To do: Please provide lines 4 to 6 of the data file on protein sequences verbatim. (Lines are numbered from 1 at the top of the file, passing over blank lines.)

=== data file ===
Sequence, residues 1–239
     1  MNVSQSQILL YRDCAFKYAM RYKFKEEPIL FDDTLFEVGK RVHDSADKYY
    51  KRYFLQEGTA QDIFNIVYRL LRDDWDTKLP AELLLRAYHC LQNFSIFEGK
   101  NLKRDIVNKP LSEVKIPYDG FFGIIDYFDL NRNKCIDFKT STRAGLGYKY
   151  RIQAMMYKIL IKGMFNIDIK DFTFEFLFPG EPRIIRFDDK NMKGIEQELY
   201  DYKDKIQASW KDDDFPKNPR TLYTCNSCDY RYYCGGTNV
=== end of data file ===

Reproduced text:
   101  NLKRDIVNKP LSEVKIPYDG FFGIIDYFDL NRNKCIDFKT STRAGLGYKY
   151  RIQAMMYKIL IKGMFNIDIK DFTFEFLFPG EPRIIRFDDK NMKGIEQELY
   201  DYKDKIQASW KDDDFPKNPR TLYTCNSCDY RYYCGGTNV